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SET VISIT: Welcome to Fright Night...for real! (Part 1)

08.01.2011by: Jake Dee

I honestly believe my sophomore set visit for JoBlo/AITH couldn't have been a cooler, more rewarding experience. Berge and John were kind enough to, on the 1st of September, whisk me away to the sunny, desolate New Mexican dessert to visit the set of Disney/DreamWorks remolding of the classic 80s horror-comedy FRIGHT NIGHT. The 21st century reiteration, directed by Craig Gillespie (LARS AND THE REAL GIRL, MR. WOODCOCK) from a script by Marti Noxon ("Buffy the Vampire Slayer") - will star Anton Yelchin, Imogen Poots, Colin Farrell, David Tennant, Christopher Mintz-Plasse, Toni Collette, Dave Franco, Sandra Vergara and Emily Montague. So without further adieu, allow me to relay what it was I witnessed during the two days spent in Albuquerque, NM.

Now, if you're as big a fan of Tom Holland's 1985 original as I, you can imagine the unwavering skepticism I had regarding a big-budget Hollywood remake...in 3D no less. Still, I tried to eschew a provincial outlook and go in fresh...with no loyalty or tether to the merit of the original film. Nope, I was determined to go in clean, minus the jaded cynicism Hollywood remakes generally incur in me. Objectivity baby, through and through on this one.

Arriving at a crowded LAX, mid-afternoon, the late-summer SoCal sun ablaze, my excitement was more than palpable. Never had I before been to New Mexico, and the chance to stay at the Hard Rock Hotel with a dozen or so other journalists just seemed so awesomely out of my element that I couldn't help but walk around with goofy-ass smile plastered on my mug. Airport attendants were leering at me as if I were smuggling half a pound of chiba in my lungs. That happy I was.

Strolling up to my gate, a felicitous surprise awaited me. Mr. Ryan Rotten of SkockTillYouDrop was already posted up, feverishly hammering out articles on his laptop. Having met the dude a couple times prior, I instantly felt welcome and in good hands. Familiarity breeds comfort, and when I saw Rotten I instantly new a grip of fun was to be had on this trip. A lot of work, mind you, but the two aren't necessarily mutually exclusive. Before boarding the smallish aircraft, two other journalists made our acquaintance. Ms. Melissa Molina of Latino Review and Mr. Don McKay of MSN, both a true pleasure to meet and an honor to share time with.

The plane boarded. And off to New Mexico we were...

Touching down in Albuquerque, near dusk, I felt a bigger wig than I ever should have. I mean, come on, a pair of caravans awaiting our arrival to shoot us to the Hard Rock Hotel? Who the f*ck are we? Seriously.

Stepping outside, the acrid New Mexican air cloaked me like an electric blanket. Golden hues and dusty desert topography subsuming a panoramic view. We were in the middle of nowhere, and you know what? It felt pretty f*ckin' great.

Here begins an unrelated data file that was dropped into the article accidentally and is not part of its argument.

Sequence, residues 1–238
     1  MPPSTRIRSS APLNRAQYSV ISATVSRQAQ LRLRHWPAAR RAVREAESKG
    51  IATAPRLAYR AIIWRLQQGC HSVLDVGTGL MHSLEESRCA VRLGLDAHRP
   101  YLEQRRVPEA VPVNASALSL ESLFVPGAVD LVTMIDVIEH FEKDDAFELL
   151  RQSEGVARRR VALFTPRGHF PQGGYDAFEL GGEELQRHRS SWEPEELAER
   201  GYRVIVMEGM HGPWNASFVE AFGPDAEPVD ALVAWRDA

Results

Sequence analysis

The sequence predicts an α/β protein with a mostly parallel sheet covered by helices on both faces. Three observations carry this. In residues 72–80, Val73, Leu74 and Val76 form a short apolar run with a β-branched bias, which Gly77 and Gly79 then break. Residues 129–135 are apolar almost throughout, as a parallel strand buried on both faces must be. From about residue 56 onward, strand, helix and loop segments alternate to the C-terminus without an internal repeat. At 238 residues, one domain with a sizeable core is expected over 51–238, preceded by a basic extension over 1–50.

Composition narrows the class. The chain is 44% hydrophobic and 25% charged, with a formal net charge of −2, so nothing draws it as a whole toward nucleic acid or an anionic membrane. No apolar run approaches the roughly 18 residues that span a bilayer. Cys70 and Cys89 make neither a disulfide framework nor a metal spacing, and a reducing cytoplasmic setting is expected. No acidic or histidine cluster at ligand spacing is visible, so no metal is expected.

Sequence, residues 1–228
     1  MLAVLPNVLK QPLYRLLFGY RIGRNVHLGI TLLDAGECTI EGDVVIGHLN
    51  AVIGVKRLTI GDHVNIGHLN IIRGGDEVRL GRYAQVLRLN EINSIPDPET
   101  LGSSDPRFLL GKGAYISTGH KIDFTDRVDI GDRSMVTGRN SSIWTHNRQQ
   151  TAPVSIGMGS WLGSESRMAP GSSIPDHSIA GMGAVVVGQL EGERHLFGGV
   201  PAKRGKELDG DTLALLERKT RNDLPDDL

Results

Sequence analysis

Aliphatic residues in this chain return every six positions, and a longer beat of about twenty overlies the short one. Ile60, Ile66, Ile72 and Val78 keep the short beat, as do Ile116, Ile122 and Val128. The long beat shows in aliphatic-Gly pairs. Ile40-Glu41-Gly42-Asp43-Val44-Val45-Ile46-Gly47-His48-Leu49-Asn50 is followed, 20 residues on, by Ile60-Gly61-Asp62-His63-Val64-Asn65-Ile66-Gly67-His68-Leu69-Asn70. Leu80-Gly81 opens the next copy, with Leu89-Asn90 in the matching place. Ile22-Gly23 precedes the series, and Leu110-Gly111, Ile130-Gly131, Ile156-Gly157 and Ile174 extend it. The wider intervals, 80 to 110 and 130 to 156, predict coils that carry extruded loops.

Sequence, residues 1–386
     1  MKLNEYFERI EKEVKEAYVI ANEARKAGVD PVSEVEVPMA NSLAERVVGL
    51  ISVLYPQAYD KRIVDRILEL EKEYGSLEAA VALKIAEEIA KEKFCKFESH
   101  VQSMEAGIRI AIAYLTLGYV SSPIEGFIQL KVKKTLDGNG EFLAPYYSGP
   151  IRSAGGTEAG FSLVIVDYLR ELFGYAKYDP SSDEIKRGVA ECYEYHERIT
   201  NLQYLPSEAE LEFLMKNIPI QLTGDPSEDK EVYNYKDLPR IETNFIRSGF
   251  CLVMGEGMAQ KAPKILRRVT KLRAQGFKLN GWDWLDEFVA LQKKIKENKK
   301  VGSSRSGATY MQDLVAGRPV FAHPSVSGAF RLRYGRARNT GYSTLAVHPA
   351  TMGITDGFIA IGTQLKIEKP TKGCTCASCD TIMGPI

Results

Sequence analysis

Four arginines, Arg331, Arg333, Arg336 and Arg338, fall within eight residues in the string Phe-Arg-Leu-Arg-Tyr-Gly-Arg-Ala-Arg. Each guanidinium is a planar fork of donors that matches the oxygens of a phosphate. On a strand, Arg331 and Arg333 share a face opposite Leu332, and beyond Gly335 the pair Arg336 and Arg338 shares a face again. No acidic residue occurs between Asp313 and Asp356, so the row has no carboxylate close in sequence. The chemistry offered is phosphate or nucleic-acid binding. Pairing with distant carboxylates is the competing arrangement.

After a 15 minute drive or so, the four of us pulled in to the famed Hard Rock Hotel, New Mexican style. Actually it was five of us now, as Mania.com's Rob Vaux had joined us at this point. Another cool dude I had the pleasure to cross paths with, without question. Roving into the ornate doorways of the Hotel, one thing instantly hit us. A humongous banner draping from the backside of a gaudy, old-fashioned elevator shaft. The image? David Tennant as a revamped Peter Vincent (played by Roddy McDowell in the original), clearly channeling his Chris Angel meets Michael Sheen in UNDERWORLD persona (I also see some Hugh Jackman in THE FOUNTAIN. Anyone else?) Below the image of Tennant, the famed Hard Rock Hotel logo. Yup, we had officially arrived to the set of the FRIGHT NIGHT.

An hour after checking into our rooms, all twelve journalists convened in the lobby and met with publicists Dustin Sandoval and Marshall Weinbaum. I really can't thank these two gentlemen enough, not only were they kind, cool and cordial...they made our stay extremely pleasant...accommodated us in every way possible; from facilitating the interview processes, getting us in and out of the scenes being shot on set, to hooking up food and drink, whatever. Professional yet totally personable, a real pleasure to be around!

And speaking of pleasures to be around, it was at the following dinner I met the rest of my journalistic compatriots. Slash Film's Russ Fischer, Collider's Steven "Frosty Weintraub," Bloody-Disgusting's Chris Eggersten, FEARnet's Joe McCabe, Film School Rejects' Rob Hunter, DreadCentral's Heather Wixson and Hitfix's Alex Dorn. If y'all mothaf*ckers are reading, I had a goddamn blast on this set. So thank you!

Down to Brass Tacks

The morning of September 2nd, we all met in the lobby at about a quarter to ten. Now, before I break down the entirety of a hectic day, it might wise to delineate exactly what the set looked like, and what its practical function would be while we were there. You all remember the infamous night club scene in Holland's original film, right? Well, that's more or less what Gillespie and company are not only looking to recreate here, but put their own fresh spin on as well. In the original, this sequence all but springboards the unbridled carnage and mayhem that ensues in the back-half of the picture...and if the fidelity of Marti Noxon's script is pure, this scene could function similarly. And while I can't be certain how pivotal the scene will play in the larger scheme of things, one thing was undeniable...how much f*ckin' fun it was to watch get filmed.